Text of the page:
Connection: We do have options today when we are facing anxious times. Sometimes it is as close as sharing these times with others who are willing to be there with us. I still say this is what it is to be followers of Jesus - to be with one another through all times.

Come, Loving Lord, and enrich our days with the presence of you saints who are your agents of joy and celebration within a world that is so often an experience of anxiety, fear, and trembling. In the midst of your Spirit of new life, we will be upheld through all things. Amen.

Monday, July 9, 2007

Tuesday 10 July 2007

Today we will continue to look at components for the practice of hope. Walter Brueggeman shares his consideration about the particular shape of despair in dominant Western society. To this despair, we must respond in transformative ways.

The convergence of ideology and technology produces a shameless kind of certitude that closes off the future and shrivels the human spirit. It is clear, nonetheless, that such shameless certitude is only a veneer that conceals depths of anxiety that feed back into a quest for greater certitude... Thus, the system of security makes us even more insecure.

Shame-less, what a great way to speak of such an aura of certitude. Nothing can and will get in the way of this sense of certitude that attempts to make everyone agree or fall in line with the line of thinking and believing that comes when ideology and technology join forces to turn the world into their vision for life. Unfortunately, this shame-less endeavor is a sham. This sham piles up victims in its attempt to create its own world. The victims are judged to be a part of what it takes to make way for a self-proclaimed righteousness that fits a certain mold. When there is a push to stuff everyone into this path of self-proclaimed righteousness, there is no room to grow...there is no space for the Spirit to move us beyond ourselves...there is no word of life that can oppose the rigid word of certitude. Brueggemann says it well when he notes that it closes off the future. Fear and anxiety want nothing to do with an unfolding future that brings life beyond our expectations and continues to make things new. Instead such systems of security are systems that are so anxious about what could happen, they rope off possible roads to new life so that life-as-it-must-be can be forced upon everyone. What is most amazing about this kind of certitude is how fear-filled it is. Anything and everything outside this shameless kind of certitude is condemned or denounced or turned into a demon or scape goat. Insecurity does reign in such despairing times.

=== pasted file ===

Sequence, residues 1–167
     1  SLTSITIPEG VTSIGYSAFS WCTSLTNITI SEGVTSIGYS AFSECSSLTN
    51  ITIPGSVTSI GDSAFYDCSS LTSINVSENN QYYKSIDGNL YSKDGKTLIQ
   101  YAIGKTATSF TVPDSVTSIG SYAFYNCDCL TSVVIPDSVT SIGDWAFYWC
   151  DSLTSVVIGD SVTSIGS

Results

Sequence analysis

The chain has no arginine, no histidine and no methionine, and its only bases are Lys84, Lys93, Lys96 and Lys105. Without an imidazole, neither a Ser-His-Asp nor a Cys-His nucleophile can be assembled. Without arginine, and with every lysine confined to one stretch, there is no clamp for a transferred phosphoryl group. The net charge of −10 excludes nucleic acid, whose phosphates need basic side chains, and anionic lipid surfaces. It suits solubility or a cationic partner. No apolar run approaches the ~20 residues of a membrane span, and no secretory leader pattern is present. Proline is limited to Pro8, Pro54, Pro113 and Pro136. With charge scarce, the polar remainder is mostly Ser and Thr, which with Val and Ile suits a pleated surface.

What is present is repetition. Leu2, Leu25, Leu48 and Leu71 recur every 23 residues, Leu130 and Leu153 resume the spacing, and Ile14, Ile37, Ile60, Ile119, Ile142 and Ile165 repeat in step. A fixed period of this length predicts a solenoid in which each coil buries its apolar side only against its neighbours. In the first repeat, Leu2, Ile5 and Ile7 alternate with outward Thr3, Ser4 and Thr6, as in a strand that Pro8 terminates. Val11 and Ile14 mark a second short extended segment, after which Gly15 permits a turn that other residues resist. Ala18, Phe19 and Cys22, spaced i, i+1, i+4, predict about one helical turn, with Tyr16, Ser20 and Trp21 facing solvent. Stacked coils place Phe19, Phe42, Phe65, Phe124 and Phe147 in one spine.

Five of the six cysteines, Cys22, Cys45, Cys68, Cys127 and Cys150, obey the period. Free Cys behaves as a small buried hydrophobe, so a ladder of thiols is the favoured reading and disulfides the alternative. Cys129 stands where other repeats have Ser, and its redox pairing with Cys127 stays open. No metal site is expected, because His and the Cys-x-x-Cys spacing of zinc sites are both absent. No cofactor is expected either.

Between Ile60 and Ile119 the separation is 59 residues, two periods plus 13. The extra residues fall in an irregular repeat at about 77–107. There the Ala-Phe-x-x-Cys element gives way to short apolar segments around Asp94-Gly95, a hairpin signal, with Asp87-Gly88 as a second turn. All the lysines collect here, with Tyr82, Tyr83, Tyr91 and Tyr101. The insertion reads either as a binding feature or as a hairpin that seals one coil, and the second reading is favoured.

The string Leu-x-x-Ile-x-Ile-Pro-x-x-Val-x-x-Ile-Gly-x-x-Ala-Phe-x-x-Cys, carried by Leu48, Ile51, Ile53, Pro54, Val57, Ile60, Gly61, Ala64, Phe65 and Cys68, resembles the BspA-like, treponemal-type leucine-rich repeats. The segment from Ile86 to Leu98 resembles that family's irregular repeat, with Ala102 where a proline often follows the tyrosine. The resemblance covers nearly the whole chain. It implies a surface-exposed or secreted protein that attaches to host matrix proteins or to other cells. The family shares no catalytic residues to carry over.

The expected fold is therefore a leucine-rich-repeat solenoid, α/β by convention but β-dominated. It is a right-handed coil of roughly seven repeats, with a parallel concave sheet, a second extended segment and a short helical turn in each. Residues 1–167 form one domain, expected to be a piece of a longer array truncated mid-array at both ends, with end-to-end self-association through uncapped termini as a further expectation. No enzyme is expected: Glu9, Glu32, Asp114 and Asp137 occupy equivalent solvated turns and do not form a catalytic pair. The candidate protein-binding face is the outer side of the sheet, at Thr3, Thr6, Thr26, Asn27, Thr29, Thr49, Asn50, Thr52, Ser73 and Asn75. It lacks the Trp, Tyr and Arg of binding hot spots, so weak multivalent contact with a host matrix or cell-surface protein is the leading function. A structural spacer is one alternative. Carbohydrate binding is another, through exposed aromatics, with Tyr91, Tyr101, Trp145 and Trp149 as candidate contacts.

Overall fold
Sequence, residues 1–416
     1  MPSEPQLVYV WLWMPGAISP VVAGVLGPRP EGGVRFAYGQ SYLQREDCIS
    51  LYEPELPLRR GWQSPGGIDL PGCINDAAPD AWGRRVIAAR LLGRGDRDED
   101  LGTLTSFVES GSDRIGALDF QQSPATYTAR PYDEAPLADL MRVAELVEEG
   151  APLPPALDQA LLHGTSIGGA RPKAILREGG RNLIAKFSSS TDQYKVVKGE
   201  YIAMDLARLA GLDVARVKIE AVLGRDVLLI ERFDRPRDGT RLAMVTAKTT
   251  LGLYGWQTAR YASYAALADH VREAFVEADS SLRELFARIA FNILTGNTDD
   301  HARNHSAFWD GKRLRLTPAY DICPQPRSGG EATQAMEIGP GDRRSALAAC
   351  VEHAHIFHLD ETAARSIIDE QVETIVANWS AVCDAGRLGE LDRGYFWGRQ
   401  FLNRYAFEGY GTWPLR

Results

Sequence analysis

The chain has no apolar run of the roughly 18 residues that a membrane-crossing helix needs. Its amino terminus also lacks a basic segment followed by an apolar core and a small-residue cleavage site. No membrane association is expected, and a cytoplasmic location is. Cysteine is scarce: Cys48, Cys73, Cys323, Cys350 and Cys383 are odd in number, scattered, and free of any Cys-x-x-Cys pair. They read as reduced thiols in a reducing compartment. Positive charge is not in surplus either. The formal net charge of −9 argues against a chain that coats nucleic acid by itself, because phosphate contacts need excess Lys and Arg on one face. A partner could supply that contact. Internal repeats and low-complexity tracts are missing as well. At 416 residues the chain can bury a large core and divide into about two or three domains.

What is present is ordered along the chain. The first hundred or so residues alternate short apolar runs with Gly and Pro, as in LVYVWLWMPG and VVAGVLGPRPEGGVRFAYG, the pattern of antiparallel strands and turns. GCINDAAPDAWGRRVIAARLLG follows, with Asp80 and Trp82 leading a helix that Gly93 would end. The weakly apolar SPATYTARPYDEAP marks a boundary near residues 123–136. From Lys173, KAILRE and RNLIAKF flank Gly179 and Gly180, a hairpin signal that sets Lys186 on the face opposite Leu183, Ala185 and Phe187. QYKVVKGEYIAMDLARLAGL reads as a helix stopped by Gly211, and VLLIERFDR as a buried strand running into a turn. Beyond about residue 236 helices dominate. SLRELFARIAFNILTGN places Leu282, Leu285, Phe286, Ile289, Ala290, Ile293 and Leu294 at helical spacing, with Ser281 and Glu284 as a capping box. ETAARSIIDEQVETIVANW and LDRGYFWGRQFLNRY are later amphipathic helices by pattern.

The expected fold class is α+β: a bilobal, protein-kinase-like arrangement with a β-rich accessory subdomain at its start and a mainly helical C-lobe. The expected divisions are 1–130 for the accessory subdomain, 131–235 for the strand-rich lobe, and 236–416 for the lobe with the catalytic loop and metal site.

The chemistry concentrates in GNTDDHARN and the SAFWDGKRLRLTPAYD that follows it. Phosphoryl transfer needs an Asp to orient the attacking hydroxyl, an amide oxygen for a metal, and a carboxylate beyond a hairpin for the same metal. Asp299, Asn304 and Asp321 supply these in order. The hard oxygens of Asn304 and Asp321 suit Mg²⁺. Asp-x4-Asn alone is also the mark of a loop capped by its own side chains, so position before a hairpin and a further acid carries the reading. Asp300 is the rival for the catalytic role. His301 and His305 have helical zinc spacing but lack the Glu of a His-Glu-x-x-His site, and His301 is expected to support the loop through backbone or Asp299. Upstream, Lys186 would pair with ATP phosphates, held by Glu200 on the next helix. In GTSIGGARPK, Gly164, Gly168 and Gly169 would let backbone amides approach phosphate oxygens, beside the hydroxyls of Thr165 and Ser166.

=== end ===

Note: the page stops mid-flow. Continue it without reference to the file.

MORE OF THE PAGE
Connection: Some of the great movements of non-violent resistance have insisted on moving a people to a place in which they are shamed into action to change life as it is. In India under the guidance of Gandhi and in the U.S. under the guidance of King and others in the civil rights era, there was a way of holding up the truth so that those powers that were in control would eventually see how they had fallen away from their own roots and become something of a demon. Truth-telling is so important for all of us.

Lord God, we need to be encouraged to ask questions and seek the truth and resist the many ways that we are being driven to follow the crowd into a sense of certitude that is quite demonic and unable to witness to the truth. Be our courage and our truth. Amen.

Sunday, July 8, 2007

Monday 9 July 2007